Janet Napolitano's departure from the Department of Homeland Security means the team that came with President Obama into the White House is dwindling. Here's who's survived, what they're doing, and how long they'll be doing it.

Eric Holder - Napolitano was seen as next in line for attorney general, so her departure for California is a sign that Holder isn't going anywhere soon. Holder is still considered the most likely Cabinet member to bow out. But critics have predicted his resignation multiple times, and so far he's held on.

Kathleen Sebelius - The Health and Human Services secretary appears likely to stay put. Implementing the Affordable Care Act is enough of a headache for the administration without a staff shake-up. And given Republican desire to see the law stalled, the confirmation fight for a replacement would likely be brutal.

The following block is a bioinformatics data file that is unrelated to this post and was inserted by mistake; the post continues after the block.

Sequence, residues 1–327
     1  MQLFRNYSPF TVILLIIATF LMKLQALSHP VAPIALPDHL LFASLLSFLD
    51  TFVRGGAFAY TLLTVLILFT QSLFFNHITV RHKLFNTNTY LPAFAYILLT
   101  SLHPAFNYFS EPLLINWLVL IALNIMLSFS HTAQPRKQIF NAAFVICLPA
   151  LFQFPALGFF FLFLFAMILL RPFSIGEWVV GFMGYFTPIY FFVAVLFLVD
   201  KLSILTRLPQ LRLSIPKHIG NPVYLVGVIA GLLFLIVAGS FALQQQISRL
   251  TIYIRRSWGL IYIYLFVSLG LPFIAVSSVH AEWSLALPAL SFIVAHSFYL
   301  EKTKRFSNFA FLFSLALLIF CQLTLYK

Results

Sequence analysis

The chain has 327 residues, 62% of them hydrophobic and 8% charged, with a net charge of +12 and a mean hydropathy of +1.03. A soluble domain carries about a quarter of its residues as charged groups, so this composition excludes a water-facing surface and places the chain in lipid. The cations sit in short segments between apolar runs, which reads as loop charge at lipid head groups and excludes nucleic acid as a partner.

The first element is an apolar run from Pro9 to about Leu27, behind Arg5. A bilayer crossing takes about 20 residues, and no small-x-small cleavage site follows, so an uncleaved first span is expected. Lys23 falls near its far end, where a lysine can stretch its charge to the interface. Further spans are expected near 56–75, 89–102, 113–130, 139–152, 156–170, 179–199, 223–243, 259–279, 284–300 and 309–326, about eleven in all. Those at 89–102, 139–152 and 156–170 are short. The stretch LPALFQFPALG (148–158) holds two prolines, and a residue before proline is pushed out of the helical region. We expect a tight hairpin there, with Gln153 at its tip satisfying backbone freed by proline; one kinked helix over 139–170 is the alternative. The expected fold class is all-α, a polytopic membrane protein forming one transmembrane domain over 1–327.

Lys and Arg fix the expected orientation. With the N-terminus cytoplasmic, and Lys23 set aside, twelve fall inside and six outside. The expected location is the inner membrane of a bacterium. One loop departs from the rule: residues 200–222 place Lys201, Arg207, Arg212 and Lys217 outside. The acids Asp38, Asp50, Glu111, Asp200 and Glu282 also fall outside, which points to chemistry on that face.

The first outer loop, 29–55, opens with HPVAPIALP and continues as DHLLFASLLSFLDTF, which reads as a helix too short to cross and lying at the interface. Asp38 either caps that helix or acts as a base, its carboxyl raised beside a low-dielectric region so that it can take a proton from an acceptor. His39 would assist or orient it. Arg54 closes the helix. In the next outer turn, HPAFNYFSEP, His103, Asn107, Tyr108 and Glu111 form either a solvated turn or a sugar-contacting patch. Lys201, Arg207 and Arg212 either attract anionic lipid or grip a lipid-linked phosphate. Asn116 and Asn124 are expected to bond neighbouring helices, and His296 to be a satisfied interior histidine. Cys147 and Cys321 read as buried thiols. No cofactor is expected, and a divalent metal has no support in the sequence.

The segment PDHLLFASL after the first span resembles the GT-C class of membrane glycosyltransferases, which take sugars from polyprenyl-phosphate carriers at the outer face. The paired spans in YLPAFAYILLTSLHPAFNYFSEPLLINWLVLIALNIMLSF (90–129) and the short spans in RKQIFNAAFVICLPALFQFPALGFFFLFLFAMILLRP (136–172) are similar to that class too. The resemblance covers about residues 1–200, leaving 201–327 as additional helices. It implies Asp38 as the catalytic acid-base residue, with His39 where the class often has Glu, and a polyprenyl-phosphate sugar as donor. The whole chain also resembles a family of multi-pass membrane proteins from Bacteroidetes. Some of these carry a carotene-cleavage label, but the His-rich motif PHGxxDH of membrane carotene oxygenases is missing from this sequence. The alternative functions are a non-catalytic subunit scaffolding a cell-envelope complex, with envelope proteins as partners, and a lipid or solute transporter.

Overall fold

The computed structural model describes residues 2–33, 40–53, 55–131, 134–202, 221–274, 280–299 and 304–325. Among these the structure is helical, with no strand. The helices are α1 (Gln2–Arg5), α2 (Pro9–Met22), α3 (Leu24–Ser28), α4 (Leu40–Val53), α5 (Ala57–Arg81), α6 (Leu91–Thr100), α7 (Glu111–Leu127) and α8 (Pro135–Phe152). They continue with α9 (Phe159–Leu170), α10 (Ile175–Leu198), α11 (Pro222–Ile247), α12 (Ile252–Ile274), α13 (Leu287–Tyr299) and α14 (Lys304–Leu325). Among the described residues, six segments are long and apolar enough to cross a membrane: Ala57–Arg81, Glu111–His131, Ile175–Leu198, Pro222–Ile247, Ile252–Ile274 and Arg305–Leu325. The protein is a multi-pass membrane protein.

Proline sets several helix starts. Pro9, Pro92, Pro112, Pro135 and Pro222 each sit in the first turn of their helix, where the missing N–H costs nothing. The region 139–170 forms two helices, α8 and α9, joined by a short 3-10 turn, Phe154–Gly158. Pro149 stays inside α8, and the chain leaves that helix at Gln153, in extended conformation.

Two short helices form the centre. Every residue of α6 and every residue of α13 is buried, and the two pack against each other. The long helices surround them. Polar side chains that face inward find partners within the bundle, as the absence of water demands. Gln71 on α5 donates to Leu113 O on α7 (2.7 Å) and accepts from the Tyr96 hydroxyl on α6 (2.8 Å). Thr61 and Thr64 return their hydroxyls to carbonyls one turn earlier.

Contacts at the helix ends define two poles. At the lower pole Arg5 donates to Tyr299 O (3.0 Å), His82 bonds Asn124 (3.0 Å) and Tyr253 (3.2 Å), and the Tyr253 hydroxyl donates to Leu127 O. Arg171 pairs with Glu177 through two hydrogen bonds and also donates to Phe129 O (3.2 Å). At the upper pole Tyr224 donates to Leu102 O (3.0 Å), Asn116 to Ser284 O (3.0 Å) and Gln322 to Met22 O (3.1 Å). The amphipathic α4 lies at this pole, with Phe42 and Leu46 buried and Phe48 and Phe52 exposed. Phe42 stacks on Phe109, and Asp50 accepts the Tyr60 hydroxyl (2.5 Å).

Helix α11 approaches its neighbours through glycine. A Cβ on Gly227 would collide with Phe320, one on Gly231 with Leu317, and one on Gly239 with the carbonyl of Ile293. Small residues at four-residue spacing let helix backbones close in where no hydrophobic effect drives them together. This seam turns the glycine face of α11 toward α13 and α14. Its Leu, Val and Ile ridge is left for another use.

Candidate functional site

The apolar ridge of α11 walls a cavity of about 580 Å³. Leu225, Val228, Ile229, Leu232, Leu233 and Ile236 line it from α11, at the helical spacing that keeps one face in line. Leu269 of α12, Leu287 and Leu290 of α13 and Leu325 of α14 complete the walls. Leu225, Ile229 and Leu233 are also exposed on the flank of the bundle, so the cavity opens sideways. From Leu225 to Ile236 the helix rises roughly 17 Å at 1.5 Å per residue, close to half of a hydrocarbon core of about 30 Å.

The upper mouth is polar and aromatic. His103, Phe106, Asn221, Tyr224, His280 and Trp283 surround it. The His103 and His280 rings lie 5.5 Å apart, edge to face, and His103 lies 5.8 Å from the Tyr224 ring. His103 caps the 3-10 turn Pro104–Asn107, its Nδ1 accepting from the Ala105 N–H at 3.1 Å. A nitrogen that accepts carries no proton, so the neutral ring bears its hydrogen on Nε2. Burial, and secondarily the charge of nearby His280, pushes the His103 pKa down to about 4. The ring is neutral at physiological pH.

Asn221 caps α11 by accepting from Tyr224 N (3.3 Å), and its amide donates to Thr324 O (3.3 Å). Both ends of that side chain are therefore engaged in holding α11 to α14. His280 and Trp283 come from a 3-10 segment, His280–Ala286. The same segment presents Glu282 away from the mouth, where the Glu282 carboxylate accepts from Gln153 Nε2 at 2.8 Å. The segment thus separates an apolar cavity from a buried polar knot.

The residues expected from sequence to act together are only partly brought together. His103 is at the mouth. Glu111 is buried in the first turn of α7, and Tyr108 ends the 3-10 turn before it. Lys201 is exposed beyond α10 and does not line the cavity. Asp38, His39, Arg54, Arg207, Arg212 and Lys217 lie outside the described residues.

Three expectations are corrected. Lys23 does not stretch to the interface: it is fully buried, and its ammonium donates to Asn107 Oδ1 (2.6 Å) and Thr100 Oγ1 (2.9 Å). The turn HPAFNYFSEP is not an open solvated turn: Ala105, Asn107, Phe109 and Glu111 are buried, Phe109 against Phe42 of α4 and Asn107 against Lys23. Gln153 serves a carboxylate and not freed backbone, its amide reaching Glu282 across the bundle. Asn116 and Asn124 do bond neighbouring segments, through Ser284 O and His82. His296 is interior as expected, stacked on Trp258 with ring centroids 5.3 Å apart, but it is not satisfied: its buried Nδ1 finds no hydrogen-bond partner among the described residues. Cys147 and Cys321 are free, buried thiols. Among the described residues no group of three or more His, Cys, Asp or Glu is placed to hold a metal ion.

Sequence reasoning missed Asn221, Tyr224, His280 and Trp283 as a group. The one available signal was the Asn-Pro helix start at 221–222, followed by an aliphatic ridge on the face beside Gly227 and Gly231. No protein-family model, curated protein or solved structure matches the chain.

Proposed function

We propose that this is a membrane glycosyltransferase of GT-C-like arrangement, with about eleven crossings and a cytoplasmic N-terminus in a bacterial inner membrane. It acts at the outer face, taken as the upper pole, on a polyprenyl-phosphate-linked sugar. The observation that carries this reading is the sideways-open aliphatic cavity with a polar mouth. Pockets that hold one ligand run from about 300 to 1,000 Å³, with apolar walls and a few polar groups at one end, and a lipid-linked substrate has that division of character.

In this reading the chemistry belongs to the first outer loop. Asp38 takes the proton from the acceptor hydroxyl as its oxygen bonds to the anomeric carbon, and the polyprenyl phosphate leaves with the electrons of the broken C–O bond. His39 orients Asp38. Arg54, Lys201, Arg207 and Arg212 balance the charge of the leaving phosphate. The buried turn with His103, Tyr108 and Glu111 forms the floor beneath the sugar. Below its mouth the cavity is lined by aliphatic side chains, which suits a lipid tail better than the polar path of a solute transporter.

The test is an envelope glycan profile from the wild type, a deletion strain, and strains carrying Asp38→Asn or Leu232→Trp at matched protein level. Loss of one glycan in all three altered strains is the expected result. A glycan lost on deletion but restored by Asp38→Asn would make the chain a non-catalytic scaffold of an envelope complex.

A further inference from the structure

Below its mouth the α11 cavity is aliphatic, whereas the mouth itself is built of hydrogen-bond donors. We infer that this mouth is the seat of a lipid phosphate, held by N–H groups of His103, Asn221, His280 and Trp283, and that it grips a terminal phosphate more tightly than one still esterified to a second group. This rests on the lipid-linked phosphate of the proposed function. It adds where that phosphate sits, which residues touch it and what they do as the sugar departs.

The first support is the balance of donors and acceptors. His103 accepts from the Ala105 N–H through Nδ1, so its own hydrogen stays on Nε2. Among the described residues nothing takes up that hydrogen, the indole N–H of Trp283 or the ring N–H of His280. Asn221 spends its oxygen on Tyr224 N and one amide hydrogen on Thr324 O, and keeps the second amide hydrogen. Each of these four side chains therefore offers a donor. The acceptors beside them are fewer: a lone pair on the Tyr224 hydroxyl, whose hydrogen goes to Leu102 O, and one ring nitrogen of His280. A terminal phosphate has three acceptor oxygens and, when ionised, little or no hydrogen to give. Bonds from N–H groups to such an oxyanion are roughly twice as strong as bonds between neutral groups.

* Arne Duncan - The education secretary made clear that he wants to be in the Cabinet as long as possible. He's popular with Republicans and Democrats on Capitol Hill, even though Common Core standards have started inspiring bipartisan concern. Right now, student loan debt is a priority. But when it comes to reauthorizing No Child Left Behind, he says it's up to Congress to make it happen.

Tom Vilsack - President Obama asked the agriculture secretary to stay on in January, in part to deal with the farm bill that is still struggling to get through Congress. Dealing with widespread drought is another concern.

Eric Shinseki - The Veterans Affairs' secretary -- who is so media-averse you may have forgotten he was still around -- is not going anywhere. But a huge backlog of disability claims has some wishing he would.

* Shaun Donovan - Like Duncan, Donovan is very happy where he is. And his role shepherding the Hurricane Sandy recovery makes it even less likely that he's going anywhere.